The process with Automattic was better. They assigned me a project to complete in around a week, and they added me to a Slack channel where I could ask questions or share my progress.
The project was… interesting; find and fix a few bugs and make a list of all the security vulnerabilities in the code. Well goddamn.

Fixing bugs? Easy. That took me about an hour. I spent the rest of the time doing research on WordPress security and going through all the code trying to spot problematic parts. I did find some issues, around five or six clear problems.

When I thought I was done, I submitted it and waited… and waited.
They finally got back to me, and turns out I had missed like other five security issues, and that was enough for them to decide not to continue the interviewing process with me.

Becoming Awesome

While I waited on Automattic, I remembered this company I had applied to a couple of years prior, Awesome Motive. I checked their website for openings, found an interesting one, and applied again.
Then I figured I would reach out again to the person who had accidentally ghosted me that time.

I sent them an email letting them know that I was again looking for a remote opportunity, and I let them know that I had applied to an open position on their website.

They replied a few hours later saying “Excited to hear you submitted your application, thanks for that. I’ve flagged it, added more details from our previous conversation, and also pinged the hiring manager for that position”.
That’s the actual quote.

I was excited, and more than that, I was hopeful.

That same night, I received an email from the “hiring manager” with a few basic WordPress questions and a couple of others about my experience. I replied the next day with fairly detailed answers. Then I waited, anxiously.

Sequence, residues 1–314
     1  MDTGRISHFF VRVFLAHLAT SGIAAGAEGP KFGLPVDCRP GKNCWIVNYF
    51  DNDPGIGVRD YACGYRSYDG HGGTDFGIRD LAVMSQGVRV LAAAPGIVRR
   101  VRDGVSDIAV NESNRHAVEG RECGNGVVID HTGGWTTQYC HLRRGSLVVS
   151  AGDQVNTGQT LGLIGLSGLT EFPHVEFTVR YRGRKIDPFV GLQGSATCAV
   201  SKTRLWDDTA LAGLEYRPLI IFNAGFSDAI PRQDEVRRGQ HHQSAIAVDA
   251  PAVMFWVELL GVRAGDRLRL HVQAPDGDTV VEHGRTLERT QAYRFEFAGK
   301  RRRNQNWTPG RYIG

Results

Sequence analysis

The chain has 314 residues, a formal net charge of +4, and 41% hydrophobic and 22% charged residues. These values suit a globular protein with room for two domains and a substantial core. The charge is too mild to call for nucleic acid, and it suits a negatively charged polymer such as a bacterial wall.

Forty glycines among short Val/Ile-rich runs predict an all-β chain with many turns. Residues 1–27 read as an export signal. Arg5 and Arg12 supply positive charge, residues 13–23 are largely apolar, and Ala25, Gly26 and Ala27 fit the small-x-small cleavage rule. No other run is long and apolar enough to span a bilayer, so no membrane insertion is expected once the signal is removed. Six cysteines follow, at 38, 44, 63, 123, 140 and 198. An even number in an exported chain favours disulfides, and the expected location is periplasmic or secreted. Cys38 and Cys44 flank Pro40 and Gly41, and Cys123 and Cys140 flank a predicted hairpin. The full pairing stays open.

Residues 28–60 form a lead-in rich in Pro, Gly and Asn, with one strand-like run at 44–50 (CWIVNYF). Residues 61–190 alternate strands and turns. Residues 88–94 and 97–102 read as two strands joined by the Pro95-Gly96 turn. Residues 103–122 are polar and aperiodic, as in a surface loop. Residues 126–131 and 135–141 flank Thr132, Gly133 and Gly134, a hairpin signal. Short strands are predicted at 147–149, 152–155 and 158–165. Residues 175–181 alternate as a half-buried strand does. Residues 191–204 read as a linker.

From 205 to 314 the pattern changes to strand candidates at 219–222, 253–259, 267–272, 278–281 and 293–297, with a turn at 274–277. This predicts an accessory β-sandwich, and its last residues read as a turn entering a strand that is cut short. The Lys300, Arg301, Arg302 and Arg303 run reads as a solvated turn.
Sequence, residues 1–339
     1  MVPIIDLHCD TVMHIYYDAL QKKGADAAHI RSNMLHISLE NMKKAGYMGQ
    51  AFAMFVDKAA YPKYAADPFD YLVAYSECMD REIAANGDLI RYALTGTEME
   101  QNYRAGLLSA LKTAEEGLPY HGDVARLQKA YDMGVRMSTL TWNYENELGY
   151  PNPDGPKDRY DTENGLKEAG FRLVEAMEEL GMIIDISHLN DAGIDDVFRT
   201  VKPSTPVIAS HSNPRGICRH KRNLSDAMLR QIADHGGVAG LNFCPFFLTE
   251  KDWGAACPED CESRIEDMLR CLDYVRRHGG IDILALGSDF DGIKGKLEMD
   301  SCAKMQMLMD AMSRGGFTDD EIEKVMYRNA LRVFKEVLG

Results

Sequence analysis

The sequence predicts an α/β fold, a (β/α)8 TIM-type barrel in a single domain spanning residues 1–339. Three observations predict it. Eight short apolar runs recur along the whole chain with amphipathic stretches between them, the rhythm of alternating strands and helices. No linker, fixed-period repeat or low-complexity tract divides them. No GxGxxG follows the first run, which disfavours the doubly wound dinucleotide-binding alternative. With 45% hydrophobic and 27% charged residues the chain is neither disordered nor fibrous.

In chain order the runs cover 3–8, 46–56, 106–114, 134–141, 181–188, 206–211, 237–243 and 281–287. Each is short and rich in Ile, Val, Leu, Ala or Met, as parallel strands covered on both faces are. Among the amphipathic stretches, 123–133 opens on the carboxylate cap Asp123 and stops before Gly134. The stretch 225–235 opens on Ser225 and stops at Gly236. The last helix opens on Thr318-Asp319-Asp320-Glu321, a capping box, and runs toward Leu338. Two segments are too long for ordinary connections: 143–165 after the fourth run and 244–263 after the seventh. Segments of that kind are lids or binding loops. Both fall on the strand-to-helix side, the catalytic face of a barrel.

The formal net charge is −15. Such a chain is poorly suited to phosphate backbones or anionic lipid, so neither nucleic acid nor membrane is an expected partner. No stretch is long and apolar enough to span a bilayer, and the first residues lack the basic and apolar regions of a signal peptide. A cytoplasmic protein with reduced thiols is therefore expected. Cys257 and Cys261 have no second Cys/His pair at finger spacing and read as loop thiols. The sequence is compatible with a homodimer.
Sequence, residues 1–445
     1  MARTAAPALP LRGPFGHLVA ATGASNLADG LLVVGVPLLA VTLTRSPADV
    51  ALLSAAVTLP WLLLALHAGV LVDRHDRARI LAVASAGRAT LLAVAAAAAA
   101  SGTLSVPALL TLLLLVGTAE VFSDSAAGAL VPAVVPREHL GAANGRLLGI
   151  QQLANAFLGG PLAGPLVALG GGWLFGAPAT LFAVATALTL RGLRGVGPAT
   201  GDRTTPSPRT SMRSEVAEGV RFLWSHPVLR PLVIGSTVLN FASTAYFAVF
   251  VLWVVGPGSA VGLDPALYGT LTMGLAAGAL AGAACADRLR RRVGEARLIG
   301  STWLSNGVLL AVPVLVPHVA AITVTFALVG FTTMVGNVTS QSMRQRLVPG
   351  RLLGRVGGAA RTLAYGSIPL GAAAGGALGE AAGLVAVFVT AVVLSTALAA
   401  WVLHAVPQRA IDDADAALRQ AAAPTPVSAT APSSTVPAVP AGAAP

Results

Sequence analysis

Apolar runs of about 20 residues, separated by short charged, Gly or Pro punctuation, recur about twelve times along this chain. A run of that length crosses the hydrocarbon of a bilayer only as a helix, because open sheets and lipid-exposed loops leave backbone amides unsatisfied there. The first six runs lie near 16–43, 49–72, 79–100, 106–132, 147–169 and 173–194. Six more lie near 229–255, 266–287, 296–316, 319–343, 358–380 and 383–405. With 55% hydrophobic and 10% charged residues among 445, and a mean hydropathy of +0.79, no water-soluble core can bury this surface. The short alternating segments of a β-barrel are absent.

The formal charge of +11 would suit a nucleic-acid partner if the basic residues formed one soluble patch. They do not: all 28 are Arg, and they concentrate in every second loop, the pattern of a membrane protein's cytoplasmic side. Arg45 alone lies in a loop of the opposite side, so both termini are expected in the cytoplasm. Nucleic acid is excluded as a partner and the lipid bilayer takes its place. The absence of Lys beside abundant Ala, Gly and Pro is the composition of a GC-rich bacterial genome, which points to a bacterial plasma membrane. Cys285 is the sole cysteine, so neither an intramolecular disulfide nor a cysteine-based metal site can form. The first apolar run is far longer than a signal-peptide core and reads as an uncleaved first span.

A full week passed and I decided to reach out again with the classic “I was wondering if you had the chance to over my previous email” stuff.
I received a reply the next day with a few more questions, including salary expectations and availability for a call the following week.

This was a Friday. The interview was scheduled for the following Monday and I was incredibly nervous. During the interview, it was clear to me that I had sorted most of the technical aspects of the process, and this was just a culture-fit kind of interview. That helped me relax a little, especially once I noticed how chill the “manager” was. I actually had fun at this interview.

After the call, I had to send answers to a couple of other questions that came up during the call. I did that immediately, and got a “Thank you! We’ll be in touch as soon as we reach a decision”.

A full week passed again. Again, I decided to reach out and ask if they had an update.

Two days later they sent me a job offer. I had made it. This was literally a life-changing opportunity, and I had landed it. I was over the moon, literally crying out of excitement as I read the email.

The very next day I sent my resignation letter, effective a few days later. This was a Thursday, and I think I dated my resignation for Wednesday of the following week. I was done with these people and their anxiety-inducing mess.

That following week I drove over there to give them back the laptop, the PC monitor I never took out of the box. And, you’re not going to believe this… they asked for their crappy backpack back, these cheap motherfuckers.
All I got from them was heaps of anxiety and insecurity. Well, and two COVID shots for me and my sister.

Aaaaand she’s gone

By the time I was starting my new, awesome job, Laura went silent. Out of nowhere.

I had a feeling that something was off, that we weren’t texting as often or as much as usual. And I noticed that if I didn’t start a conversation, there wasn’t ever one.

So one night, I decided to put this to the test. I texted her something like “Sleep well 🙂”. She didn’t say anything back. I decided to wait until the next day and see if she would say hi or something.


Alright fuck you too I guess. Still, I couldn’t help but wonder what the fuck had happened. I would find out the answer to that about six months later. For six months, the last message in our texts was that “Sleep well 🙂” I had sent.

The next part will be out soon, I hope 🤞. There are two of these left.